I didn’t drink in high school and when I got to college it was everywhere.  I thought it was everyone.  I used it to seem cool.  I used it to hide my insecurities.  I used it to fit in where I didn’t belong in the first place, getting obliterated in sticky frat house basements.  I used it all the time, and it almost derailed me. 

Somewhere on campus there will be interesting people doing interesting things.  Maybe they will be having a couple of beers in the process, maybe nothing at all.  Maybe they are planning a protest, or working on the school paper.  Maybe they are reading poetry, or looking at art, or watching live music.  Maybe they are planning a road trip, or yes studying.  These people are filled with interesting ideas, confidence, and self-worth.  Find them.  Be one of them. 

Elsewhere on campus will be largely unhappy insecure people shot-gunning beers, and drinking with a vengeance.  You will know them because they talk about beer pong with greater enthusiasm than literature or love.  The guys generally act like stooges.  The girls all hate themselves.  Stay away from those people.  People who drink that hard haven't found anything to care about yet.  They are emotionally undeveloped.  They are sad and weak.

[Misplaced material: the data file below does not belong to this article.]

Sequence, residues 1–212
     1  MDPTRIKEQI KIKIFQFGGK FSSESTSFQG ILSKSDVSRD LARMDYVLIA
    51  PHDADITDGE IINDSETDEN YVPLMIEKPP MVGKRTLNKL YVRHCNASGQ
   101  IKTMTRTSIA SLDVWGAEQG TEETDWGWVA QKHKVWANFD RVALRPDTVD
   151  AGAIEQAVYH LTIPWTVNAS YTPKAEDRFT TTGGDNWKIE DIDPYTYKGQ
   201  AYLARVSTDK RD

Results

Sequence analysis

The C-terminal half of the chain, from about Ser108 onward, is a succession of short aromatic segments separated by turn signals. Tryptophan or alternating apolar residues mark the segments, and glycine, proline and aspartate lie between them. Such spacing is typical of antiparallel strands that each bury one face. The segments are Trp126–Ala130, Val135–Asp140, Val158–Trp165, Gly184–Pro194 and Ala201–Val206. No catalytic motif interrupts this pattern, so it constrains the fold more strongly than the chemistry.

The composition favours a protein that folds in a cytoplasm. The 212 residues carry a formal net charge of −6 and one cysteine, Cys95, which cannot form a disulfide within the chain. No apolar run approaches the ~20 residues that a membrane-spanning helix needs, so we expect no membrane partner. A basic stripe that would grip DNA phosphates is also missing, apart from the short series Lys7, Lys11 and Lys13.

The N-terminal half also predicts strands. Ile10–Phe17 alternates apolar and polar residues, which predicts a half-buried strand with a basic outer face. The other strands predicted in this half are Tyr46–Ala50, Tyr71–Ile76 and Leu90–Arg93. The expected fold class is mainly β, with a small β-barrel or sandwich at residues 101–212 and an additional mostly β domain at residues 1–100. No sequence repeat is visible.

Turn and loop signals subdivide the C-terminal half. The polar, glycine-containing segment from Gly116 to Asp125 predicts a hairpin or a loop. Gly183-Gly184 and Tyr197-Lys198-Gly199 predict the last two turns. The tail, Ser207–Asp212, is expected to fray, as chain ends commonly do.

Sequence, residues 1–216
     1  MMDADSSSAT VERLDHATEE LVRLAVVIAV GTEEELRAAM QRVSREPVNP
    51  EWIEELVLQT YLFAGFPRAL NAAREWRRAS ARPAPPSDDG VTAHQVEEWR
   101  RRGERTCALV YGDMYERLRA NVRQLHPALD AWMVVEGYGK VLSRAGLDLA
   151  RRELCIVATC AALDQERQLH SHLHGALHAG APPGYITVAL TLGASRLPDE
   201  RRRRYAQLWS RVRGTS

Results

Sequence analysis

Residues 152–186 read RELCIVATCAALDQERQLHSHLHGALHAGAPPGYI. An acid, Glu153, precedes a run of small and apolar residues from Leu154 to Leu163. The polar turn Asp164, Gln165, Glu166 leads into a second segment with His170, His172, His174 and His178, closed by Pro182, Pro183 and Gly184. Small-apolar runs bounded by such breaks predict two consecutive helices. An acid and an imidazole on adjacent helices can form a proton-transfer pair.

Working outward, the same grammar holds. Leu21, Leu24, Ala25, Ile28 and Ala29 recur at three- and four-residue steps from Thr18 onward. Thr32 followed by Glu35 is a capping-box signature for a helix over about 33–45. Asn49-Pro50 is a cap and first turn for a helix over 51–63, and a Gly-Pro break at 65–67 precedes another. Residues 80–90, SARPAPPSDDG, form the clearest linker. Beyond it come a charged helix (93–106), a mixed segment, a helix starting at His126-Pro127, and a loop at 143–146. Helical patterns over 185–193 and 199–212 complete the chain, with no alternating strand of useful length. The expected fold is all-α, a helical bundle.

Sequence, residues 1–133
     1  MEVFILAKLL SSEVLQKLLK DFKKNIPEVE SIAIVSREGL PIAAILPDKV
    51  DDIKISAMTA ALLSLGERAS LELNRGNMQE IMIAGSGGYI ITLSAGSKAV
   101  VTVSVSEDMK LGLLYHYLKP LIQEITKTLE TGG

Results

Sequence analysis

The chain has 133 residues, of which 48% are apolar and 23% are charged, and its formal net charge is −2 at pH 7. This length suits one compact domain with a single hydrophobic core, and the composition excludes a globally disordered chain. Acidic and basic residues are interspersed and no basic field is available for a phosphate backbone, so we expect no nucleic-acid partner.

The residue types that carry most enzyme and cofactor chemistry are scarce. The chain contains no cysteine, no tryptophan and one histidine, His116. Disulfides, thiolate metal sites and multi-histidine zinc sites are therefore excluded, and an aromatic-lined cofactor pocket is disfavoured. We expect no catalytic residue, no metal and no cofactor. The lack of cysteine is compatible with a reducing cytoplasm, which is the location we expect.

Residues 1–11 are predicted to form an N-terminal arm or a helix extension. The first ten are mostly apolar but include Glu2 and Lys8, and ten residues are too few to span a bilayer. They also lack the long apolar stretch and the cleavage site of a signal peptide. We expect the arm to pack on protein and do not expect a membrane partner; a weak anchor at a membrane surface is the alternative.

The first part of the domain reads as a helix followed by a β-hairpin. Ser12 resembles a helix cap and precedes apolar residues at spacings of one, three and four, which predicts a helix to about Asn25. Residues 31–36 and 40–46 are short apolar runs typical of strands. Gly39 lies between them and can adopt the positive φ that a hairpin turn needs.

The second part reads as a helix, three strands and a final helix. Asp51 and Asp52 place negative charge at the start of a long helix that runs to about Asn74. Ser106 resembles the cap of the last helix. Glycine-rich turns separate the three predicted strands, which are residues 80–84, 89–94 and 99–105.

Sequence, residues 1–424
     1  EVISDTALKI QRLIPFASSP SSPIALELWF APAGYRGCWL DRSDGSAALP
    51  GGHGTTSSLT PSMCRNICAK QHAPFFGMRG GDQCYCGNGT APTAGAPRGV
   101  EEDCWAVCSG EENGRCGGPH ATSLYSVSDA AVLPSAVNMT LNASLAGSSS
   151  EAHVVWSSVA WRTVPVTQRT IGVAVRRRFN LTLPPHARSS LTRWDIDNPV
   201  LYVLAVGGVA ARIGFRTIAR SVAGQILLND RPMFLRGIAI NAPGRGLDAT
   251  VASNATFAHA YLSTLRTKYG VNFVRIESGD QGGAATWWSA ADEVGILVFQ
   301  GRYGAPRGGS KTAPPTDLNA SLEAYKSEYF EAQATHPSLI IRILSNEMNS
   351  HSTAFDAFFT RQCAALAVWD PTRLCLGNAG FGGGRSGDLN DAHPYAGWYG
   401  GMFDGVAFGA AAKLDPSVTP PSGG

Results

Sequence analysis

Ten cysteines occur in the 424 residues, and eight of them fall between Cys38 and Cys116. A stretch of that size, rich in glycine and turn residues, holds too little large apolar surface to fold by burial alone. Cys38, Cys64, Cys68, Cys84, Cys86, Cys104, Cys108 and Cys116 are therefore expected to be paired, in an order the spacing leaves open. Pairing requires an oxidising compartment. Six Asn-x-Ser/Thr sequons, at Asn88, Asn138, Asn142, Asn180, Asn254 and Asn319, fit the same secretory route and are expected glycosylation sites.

Don’t waste your time on them, because time passes too quickly.  I see that now that I am thirty-nine.  I have watched the eight years since my first son was born rocket by in a flash like some sci-fi time warp or wormhole.  One minute he was sleeping in the bend of my elbow and the next he is riding his bike alone to his friend’s house, already loosed from my grip.  It seems each cycle of the seasons passes faster than the last.  I have watched close friends bury their parents, and watched my own parents age.  I have looked at my wife as she sleeps and felt awash in my inability to ever convey how much I love her in one short lifetime.  I have listened to the laughter of my sons and longed to linger there in that moment forever, to stop time from passing.  

But I can't.  Death is coming for me, just as he is coming for every one of you.  We must work quickly and with purpose.  We must live each day urgently, and deliberately.  We must crowd our days with laughter, and vocalize our love.  Most of all we must do what we know inside we are meant to do; we must take the gift our forefathers gave us and PURSUE HAPPINESS.